Three and a half years ago Sharp hit the headlines when they became the first VCR manufacturer to market a NICAM video recorder for less than £400. Since then theyíve churned out a succession of worthy but somewhat dull machines. At £500 the H90 marks a break with tradition. Itís a reasonably good looking mid-mount design with a front-mounted AV terminal, variable-speed slomo replay,  twin SCARTs, Video Plus+, programme delivery control (PDC),  NTSC replay and audio dub. Thereís a couple of unusual features too, such as repeat play, where a designated sequence can be endlessly replayed, and AI (artificial intelligence) picture control, which is supposed to suppress picture noise.

 

The front panel is a bit of a mish-mash, the H90ís designers canít seem to make their minds up whether it should look simple and unthreatening, by hiding the bulk of the controls behind a drop-down cover, or appealing to teccies, with exposed front AV sockets and an over elaborate display panel. Weíre not impressed by the pointless bargraph level display, (thereís no manual recording level control), or the lack of a headphone socket, and the initial set-up routines are rather long winded. The remote handset isnít too bad, though, and infrequently used secondary controls are tucked away out of sight, under a hinged flap.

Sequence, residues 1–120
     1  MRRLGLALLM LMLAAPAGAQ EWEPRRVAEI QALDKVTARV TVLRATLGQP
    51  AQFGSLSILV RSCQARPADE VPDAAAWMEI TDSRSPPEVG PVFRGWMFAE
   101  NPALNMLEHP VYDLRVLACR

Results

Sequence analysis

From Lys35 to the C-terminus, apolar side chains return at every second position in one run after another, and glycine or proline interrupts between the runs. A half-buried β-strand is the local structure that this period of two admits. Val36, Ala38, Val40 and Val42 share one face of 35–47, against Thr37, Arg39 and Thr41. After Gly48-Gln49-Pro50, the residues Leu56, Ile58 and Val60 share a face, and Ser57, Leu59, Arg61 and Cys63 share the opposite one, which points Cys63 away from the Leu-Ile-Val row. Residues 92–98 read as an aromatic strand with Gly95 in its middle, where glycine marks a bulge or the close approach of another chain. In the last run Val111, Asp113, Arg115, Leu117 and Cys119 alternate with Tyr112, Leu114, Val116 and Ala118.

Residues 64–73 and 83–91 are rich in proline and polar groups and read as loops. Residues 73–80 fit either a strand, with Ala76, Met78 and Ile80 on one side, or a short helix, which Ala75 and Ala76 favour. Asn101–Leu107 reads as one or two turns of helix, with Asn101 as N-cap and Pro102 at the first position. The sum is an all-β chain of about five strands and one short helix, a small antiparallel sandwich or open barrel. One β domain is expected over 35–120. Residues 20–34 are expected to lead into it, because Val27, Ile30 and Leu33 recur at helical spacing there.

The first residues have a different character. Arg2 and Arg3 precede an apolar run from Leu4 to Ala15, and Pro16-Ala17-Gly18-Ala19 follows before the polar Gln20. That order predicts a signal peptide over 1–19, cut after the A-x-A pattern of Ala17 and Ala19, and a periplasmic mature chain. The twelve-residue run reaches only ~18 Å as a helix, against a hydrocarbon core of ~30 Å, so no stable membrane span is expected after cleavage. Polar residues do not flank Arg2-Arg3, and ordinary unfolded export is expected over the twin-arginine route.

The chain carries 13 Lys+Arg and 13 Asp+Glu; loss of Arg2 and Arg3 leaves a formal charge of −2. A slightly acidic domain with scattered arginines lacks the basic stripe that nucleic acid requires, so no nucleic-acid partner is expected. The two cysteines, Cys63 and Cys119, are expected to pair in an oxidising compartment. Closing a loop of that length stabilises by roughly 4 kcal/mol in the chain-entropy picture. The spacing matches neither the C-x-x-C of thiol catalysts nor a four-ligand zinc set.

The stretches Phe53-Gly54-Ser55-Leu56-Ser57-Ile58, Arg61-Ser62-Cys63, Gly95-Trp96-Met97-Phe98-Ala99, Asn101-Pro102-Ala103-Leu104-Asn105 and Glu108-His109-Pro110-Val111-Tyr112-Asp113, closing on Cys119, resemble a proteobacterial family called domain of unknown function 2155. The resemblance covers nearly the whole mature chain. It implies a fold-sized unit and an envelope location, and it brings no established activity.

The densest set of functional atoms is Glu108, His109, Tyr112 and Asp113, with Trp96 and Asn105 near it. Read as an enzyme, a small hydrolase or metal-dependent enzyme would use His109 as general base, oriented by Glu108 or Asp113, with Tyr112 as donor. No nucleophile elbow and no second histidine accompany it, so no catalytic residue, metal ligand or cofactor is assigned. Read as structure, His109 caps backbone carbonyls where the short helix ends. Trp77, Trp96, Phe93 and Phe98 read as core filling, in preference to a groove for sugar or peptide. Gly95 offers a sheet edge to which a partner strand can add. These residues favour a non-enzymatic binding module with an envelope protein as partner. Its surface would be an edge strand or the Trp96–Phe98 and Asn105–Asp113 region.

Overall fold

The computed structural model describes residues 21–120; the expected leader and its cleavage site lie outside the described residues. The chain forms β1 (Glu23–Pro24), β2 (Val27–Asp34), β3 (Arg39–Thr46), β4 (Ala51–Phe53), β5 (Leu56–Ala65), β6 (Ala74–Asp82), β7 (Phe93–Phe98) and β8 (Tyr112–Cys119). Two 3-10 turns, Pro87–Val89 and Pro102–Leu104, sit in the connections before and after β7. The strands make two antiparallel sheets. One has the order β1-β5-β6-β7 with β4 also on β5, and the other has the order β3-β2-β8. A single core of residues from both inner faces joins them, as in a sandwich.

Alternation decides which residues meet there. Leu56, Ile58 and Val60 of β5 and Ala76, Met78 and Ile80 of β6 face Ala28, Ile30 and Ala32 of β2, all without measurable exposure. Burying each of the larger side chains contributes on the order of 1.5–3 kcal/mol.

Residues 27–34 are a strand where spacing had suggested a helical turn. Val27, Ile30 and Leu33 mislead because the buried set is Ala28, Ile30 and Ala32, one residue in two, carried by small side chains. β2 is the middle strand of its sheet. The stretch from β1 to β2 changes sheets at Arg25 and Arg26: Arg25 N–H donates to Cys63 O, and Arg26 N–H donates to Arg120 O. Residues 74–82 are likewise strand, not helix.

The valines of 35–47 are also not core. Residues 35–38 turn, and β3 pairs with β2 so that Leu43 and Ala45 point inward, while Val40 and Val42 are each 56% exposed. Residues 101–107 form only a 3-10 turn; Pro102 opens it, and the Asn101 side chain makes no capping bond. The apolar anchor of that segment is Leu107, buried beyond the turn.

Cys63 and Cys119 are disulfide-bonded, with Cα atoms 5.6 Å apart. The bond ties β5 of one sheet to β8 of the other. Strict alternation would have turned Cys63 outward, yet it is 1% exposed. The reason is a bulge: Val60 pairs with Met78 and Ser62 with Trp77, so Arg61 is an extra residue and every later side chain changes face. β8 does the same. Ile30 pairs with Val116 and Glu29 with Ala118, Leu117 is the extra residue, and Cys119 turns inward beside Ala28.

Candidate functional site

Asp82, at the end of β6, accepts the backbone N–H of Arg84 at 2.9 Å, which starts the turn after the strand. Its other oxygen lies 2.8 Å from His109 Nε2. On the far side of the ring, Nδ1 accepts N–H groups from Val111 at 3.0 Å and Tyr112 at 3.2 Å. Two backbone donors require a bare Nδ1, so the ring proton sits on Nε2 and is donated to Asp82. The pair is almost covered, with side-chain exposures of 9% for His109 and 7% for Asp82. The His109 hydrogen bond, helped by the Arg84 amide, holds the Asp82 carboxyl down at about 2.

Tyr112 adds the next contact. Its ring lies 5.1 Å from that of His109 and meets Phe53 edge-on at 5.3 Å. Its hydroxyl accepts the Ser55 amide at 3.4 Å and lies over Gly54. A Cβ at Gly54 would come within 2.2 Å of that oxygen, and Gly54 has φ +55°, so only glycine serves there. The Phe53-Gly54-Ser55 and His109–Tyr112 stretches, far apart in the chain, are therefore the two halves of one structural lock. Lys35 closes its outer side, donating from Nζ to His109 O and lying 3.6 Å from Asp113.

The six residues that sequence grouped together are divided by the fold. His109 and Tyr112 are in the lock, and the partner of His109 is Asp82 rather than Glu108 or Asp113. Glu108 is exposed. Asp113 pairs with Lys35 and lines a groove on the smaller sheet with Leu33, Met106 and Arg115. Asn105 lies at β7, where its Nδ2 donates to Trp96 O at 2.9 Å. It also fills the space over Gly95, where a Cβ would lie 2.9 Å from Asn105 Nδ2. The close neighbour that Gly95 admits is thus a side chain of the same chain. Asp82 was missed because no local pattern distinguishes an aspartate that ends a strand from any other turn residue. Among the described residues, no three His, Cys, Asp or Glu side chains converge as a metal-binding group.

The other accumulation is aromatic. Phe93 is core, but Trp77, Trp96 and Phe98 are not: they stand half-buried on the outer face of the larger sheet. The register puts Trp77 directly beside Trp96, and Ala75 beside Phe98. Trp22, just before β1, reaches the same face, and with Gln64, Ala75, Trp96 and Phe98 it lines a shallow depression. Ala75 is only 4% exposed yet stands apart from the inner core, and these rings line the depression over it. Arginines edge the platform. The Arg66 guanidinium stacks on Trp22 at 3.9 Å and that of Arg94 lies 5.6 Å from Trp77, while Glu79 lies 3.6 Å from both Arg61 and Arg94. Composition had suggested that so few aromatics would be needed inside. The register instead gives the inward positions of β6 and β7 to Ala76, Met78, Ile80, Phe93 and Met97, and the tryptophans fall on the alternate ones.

AV performance is another mixed bag. Horizontal resolution on our sample came in at just under 250-lines, which is good, but the picture is quite noisy, and in the end that had a far more noticeable effect on picture quality. Thatís in spite of the AI picture control which does visibly sharpen the picture, but actually has less influence than the picture Ďtoneí control. In contrast the hi-fi soundtracks and NICAM decoder work very well indeed. Background noise levels are below average and thereís little or no coloration on playback. An agreeable machine, picture performance is just about okay, the only major quibble, though, is the price, which is on the high side, especially for Sharp.

 

Value ***

Telephone 061-205 4255

 

 

THORN VR-204 £330